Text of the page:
UN chief called for more taxes on fossil fuel industry – Quartz
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UN chief António Guterres has called for more taxes on the fossil fuel industry. Polluters must pay, he said in an address at the 77th United Nations General Assembly. Meanwhile, 200 NGOs sent an open letter to world leaders calling for action on the global hunger crisis. (Sign up for our UNGA newsletter to stay up to date.)
Four occupied regions of Ukraine have announced their intention to vote on joining Russia. Ukraine and Western nations rejected the annexation movement as illegal and a sham.
Germany will nationalize the gas giant Uniper. A total of 8 billion euros (8 billion dollars) will be injected into the country’s largest buyer of Russian gas to support a struggling energy sector.
More than 130,000 people in Japan still lack electricity. Typhoon Nanmadol, which hit the country over the weekend, also damaged a space center.
Spotify has launched its audiobook business. The pay-per-download service has more than 300,000 titles available.
Shanghai launched a $257 billion investment in infrastructure. Eight projectsincluding a new transport hub and a natural park, will aim to revive the covid-affected economy.
The US Federal Reserve is determined to rein in inflation, even if it takes a huge hike in interest rates to do it.
After the end of a two-day meeting today (21 September), the Fed is expected to raise the interest rate by at least 75 basis points (0.75%) –like the last two times-otherwise a greater 100 basis points. The Fed is playing the numbers game to try to beat inflation, but there are a lot of other numbers at play:
8.3%: US inflation rate in August well above Fed’s 2% inflation target
55%: The likelihood of a U.S. recession within 12 months, according to CNBC’s July survey of 30 fund managers, analysts and economists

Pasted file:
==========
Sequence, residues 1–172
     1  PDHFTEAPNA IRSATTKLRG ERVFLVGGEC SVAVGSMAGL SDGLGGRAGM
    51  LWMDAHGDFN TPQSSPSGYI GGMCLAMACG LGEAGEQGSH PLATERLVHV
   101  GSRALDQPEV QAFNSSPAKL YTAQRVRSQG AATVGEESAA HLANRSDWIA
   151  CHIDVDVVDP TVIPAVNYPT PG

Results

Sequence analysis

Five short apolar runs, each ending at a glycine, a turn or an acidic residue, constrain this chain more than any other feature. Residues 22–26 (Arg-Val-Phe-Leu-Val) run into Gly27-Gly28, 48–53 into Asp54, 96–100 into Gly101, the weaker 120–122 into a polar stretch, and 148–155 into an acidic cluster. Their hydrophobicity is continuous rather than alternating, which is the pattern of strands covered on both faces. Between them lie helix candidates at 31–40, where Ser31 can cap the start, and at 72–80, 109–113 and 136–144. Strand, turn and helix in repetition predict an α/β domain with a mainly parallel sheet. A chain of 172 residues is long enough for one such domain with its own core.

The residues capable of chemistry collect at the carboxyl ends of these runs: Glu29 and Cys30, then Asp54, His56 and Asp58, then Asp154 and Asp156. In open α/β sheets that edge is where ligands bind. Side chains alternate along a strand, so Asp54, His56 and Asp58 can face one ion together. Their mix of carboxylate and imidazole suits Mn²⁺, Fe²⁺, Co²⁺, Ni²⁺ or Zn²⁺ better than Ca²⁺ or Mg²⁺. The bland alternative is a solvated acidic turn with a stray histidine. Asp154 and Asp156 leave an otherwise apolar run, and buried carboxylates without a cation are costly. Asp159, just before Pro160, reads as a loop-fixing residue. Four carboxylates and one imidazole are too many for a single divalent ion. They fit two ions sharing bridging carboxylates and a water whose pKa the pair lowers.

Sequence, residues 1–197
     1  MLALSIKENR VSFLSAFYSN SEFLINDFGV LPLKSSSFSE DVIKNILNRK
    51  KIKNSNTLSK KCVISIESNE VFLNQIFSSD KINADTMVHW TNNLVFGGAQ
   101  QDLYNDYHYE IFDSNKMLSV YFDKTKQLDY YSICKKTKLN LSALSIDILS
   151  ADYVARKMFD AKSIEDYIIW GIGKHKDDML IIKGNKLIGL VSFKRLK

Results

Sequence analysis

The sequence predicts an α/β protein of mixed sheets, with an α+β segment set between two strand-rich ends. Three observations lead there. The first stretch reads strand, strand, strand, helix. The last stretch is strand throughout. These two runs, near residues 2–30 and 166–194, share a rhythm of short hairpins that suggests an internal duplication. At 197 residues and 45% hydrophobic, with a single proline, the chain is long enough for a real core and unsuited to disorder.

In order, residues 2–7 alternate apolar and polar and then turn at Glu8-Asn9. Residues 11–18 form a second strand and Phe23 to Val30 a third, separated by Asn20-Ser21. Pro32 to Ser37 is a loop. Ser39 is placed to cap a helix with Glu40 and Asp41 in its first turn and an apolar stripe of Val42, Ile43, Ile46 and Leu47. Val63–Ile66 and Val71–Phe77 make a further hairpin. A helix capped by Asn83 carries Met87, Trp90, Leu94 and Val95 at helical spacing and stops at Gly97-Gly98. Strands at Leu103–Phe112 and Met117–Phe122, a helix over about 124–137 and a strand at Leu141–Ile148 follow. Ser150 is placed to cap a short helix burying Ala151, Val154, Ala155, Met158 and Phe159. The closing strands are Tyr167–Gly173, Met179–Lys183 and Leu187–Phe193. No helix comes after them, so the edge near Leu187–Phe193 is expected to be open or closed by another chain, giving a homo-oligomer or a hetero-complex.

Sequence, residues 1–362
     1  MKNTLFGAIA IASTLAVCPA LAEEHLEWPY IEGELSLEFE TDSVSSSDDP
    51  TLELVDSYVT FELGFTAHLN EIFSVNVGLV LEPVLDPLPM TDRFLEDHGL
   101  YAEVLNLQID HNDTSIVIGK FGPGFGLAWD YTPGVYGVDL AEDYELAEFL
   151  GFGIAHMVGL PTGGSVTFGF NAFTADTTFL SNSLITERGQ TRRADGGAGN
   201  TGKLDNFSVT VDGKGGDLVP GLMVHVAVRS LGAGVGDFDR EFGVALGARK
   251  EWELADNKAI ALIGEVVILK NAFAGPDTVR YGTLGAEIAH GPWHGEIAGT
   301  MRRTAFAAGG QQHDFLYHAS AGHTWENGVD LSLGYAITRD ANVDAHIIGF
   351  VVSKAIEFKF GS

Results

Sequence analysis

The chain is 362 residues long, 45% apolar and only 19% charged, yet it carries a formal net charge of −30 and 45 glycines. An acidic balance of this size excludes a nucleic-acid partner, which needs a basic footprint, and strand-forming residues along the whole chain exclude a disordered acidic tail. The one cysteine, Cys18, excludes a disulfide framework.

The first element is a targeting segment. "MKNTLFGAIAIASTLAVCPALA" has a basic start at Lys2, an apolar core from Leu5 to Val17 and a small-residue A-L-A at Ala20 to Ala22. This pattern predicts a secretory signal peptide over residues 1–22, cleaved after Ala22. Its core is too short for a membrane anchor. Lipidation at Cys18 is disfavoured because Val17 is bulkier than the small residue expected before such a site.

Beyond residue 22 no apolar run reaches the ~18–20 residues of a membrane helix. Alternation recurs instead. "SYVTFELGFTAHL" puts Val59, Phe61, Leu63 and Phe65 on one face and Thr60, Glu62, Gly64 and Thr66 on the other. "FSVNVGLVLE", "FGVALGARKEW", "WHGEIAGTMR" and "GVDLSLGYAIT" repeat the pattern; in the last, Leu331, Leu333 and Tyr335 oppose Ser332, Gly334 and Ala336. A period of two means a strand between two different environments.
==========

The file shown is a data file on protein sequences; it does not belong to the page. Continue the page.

5.43%: The average interest rate in the United States between 1971 and 2022
Airbnb is not worried about a recession
Getting inflation under control is not a major concern for rental giant Airbnb. In fact, Nate Blecharczyk, the company’s co-founder and chief strategy officer, told Quartz he thinks a recession might even be good for the company.
Airbnb, after all, was founded on the cusp of the Great Recession in 2008, when many people were losing both their jobs and their homes. Renting out a spare bedroom or an entire house or apartment has proven to be an easy way for people to supplement their income when money is tight, and might come in handy this time around. -this.
And while it’s true that some travelers may forgo vacations as their cost of living rises, Airbnb’s bets on remote working and its expanded listings for digital nomads could offset that. According to Blecharczyk, changes in work and lifestyle trends are already impacting his business.
What would a climate utopia look like?
Imagine: it’s the year 2057 and no life has been spared from the realities of a warming globe. Where are the millions of people going who need new shelter?
There’s a place they might be heading to: Leeside, USA. It’s the imagined climate utopia of our Welcome to Green Haven series, which examines how governments and thinkers anticipate the effects of mass migration on society. Should you listen to what Leeside Mayor Gabriella de León has to say about new migrants first, or choose where to develop housing? Whatever you start, do it soon. Climate migration will only become a more pressing issue as the warmer years pass.
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